David Letterman Saved My Life

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David Letterman saved my life.

Okay. Maybe he didn’t save my life, but he made me the man I am today.

Look, I only spoke to the guy two or three times, but he did a lot for me. By merely existing.

The first few months of my life in 2011 read like a lesser Woody Allen script. I was dumped by my then-fiancée, six years into our relationship, while we were driving to Walmart. If you know anything about traffic in Miami, you know it’s a miracle the story doesn’t end there. I also very nearly didn’t graduate, due in large part to some not-so-brilliant advising from not one but two department heads. Let this serve as indisputable proof that a double-major in film and creative writing is an endlessly-rewarding endeavor.

I was rudderless and exhausted, so I attempted to postpone real life for a couple of months by landing a summer camp gig teaching film to kids between ages six and sixteen. After a weeklong detox in Los Angeles— I consumed virtually nothing but cheap wine by the bottle and a gallon of water every day— the kiddies were entrusted to my boundless knowledge of 1970’s auteur cinema. And, actually, I was a pretty good teacher, damn it. There’s plenty to be written about how those kids really did save me. And plenty to be written about couch hopping while I was essentially living out of my 1996 Volvo 960. There’s also a surprising volume of text to be written about the sound a hedgehog makes when you’re copulating in its general vicinity.

But this is about the time immediately after all that. After I filled the tank of that Volvo at a Tom Thumb and made like a blur up I-95 toward a family in New Hampshire that had no idea I was coming home. I didn’t stop until I was pulled over in Georgia at 3am for driving in excess of 100 miles per hour. I spent the next 30 hours driving home at a more reasonable speed, and I spent the 30 days after that sitting and searching. I spent a month moving only between the couch, the library, and Barnes & Noble, a self-made Mad Max of syphoning Wi-Fi.

I spent every one of those days obsessing over my shitty cover letter. I pestered every entertainment outlet in Los Angeles and New York, my resume heavier with padding than Delta Burke’s shoulders in the Year of Our Lord 1987. Finally, in between sips of a clementine Izze at a Starbucks in Nashua, my phone rang. My response to a nondescript Craigslist ad promising work at a “major network show” with a “live studio audience” had actually gained someone’s attention. I thought it’d be Maury, at best.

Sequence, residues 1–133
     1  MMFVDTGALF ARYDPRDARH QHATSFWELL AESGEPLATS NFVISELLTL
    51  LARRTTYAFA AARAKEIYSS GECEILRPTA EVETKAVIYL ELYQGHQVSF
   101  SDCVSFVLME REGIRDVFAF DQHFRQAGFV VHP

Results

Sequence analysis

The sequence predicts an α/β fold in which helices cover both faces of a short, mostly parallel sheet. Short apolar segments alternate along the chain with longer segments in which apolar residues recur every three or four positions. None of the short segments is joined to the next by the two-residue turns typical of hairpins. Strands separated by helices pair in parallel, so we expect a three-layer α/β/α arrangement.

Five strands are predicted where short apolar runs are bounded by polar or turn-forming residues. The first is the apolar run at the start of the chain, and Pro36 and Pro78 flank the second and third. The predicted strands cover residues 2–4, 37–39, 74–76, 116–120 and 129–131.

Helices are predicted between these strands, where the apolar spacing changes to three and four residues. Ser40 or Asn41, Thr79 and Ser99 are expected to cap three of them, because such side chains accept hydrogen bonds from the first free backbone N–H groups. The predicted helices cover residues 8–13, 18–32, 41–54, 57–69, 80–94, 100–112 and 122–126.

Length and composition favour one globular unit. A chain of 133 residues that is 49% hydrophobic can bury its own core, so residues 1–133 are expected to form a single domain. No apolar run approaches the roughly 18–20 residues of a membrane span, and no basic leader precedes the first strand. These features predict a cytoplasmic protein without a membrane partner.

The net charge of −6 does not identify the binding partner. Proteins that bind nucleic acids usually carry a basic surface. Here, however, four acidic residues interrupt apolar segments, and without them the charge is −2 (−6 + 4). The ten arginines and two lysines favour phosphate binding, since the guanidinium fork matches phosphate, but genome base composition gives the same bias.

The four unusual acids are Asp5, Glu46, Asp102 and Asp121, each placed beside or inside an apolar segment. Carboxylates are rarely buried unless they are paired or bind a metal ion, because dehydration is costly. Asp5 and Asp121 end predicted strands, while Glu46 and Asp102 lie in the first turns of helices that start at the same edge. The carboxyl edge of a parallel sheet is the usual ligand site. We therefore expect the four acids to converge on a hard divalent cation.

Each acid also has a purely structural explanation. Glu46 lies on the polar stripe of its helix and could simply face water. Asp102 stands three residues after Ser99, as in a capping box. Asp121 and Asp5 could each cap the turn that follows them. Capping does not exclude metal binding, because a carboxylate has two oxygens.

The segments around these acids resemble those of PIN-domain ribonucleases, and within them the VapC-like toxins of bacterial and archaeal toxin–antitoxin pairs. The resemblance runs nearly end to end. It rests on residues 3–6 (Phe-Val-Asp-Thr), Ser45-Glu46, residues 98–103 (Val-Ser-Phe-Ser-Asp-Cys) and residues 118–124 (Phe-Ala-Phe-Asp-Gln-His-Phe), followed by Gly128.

It was the Late Show. They wanted me to interview on Monday.

My dad has never been happier to make a ten hour round trip. We piled into his Volvo with my brother and made a day of it. We found free parking in front of the Colbert Report and walked a few avenues over to the Ed Sullivan Theater. We took a picture in front of its legendary marquee. The interview itself went reasonably well, and I was told I’d hear from them soon, either way. I shared an order of fries with my dad and brother at a diner up the block so that we could use the bathroom. I was naïve, and $10 credit card minimums were still an alien concept to me. We drove back to New Hampshire.

The next day, my phone rang again. I got the job. I had to be living in New York City by that Friday. I had three days to secure a living arrangement in the most daunting city in America. I had $300 to my name. And you know what? Through some combination of pure stubborn will and a few truly remarkable friends, it happened. I packed a bag, and I fucking did it.

I did it for something resembling $200 a week. I did it on a diet of dollar-slice pizza. I did it while sharing a bedroom in Harlem with a friend who was getting laid far more steadily than I was.

I did it because I remembered begging my father to stay up on school nights to see who Dave’s guests were. I did it because I remembered fumbling in my dark kitchen to make turkey sandwiches every time Dave bantered with Rupert Jee next door at Hello Deli. I did it because I remembered that, no matter how many times I moved, no matter how many girlfriends dumped me, Dave was always there and always brilliant. And even on nights when he had to force a gaptoothed grin while interviewing a Kardashian, at least his musical guest was almost always good.